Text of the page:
I was so impressed with Kirstenbosch. There were mini chairs and a lovely table display of Katya Cat books, along with the Kirstenbosch trade mark – a gorgeous vase with proteas. Julia Richman, the author, arrived with her book as well as Belinda, from Penguin Random House. Belinda was carrying under her arm a flip-chart for me to use while I illustrate. With a wink, she informed me she ‘borrowed’ it from the CEO’s office. I couldn’t have been more pleased. I was going to use the CEO of one of the best publishing companies in South Africa (and the world!) to illustrate Katya’s characters. What a treat! Continue Reading
I was honoured to be invited by one of my authors, Julia Richman, to join in. Julia and I have done several readings together of her delightful story The Bacon Chase, and so it felt like family as I arrived at the the first school, Bridge House, with Julia and her characters, Kayta Cat, Freddie the Seagull, Auntie Bea, Princess Flowers and Chubbs (the chubby hotel cat).
Julia started reading to the grade one class, as I whipped out my Sharpie pen and started illustrating Katya, Auntie Bea and Chubbs on paper for them.
The children were giving opportunity to ask questions and I was overwhelmed with, not only the deep profound perspective of the questions, but also the detail. They had really absorbed every little bit of what Julia had read.
“But why does Chubbs steal?” they asked, and “How did Katya get her magical tail?” Continue Reading
“Isn’t it nice to be with people who understand this kind of geeky talk!”
I was honoured to be invited to the second birthday of Book Dash. It was held at the Kalk Bay book store, which is a beautiful quaint shop by the ocean, filled with that wonderful smell of books, nostalgia and salty air. My first encounter as I walked in, was a table filled with past Book Dash printed books. These gorgeous little square books were full of colour and magical stories about children, animals and their adventures.
Soon, I heard the familiar sound of my own name from Julia Norrish, the organiser, who exclaimed that she didn’t realise I was so tall from my photo. But soon we were ushered to the comfortable couches where Athur Attwell, the founder, started his speech. After all the acknowledgements of authors, copywriters, supporters and supporters in the room, he informed us that while we were all there sipping our juice, wine and champagne, 15 stories where currently being printed in 11 different languages, to create 48 000 books.
And that was just the beginning! They are hoping to distribute into other parts of Africa, as well as into the digital realm, by partnering up with an eBook distributor.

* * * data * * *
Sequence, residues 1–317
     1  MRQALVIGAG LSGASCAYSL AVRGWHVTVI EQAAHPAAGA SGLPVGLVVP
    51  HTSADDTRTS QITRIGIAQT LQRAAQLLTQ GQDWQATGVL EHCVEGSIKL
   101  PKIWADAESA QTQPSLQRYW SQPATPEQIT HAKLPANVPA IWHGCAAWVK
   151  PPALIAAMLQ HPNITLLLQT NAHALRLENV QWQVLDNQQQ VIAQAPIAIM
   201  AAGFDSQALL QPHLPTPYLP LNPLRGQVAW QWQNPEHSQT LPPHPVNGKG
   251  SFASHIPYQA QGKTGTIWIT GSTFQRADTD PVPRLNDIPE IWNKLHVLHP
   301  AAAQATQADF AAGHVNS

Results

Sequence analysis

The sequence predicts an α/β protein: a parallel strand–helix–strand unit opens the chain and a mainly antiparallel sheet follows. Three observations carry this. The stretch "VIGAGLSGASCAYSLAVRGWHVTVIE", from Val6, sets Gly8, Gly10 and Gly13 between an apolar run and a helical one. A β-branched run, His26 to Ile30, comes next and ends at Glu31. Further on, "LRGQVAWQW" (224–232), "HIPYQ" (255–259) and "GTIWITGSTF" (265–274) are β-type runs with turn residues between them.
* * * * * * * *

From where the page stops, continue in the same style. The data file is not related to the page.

He also announced that in the beginning they only had two stories. The first one was printed within a month and the second one was only finished a few weeks ago. Julia then announced that ‘Celeste is here!’ Apparently the story I took over from my illustrator friend (I won’t mention his name) in February had been sitting on the his table for two years! I quickly corrected everyone and said that it wasn’t my fault – I had only gotten it this year. I had no idea that Penguin Palace by Helen Brain had such a great back story.
Arthur started telling us all about the feedback they had gotten from the schools and I felt really humbled by the stories from children and teachers who were so grateful for the books. Made me feel really proud that I had contributed (in a small way) to this magical literary fairy tale. Continue Reading
Celeste: Hi Shirley! Thank so much for chatting with us today. I must say I love your work – it is very whimsical! Can you tell us a little about yourself, before I start bombarding you with questions!
Shirley: Hi Celeste! You are so kind to ask and thank you for your generous words, I really appreciate that! I am a children’s book illustrator and writer living in the Bay Area, California and have been illustrating for the children’s market for about five years. I made the transition to illustration in 2011 from many years in the graphic design field. I started out after college working for American Greetings, Inc. as a Professional Lettering Artist, and then worked for different design firms specializing in the toy industry, direct marketing, product marketing, and technology. I continue to work with my clients in design through gabbyandco.com, my company established in ‘98. Continue Reading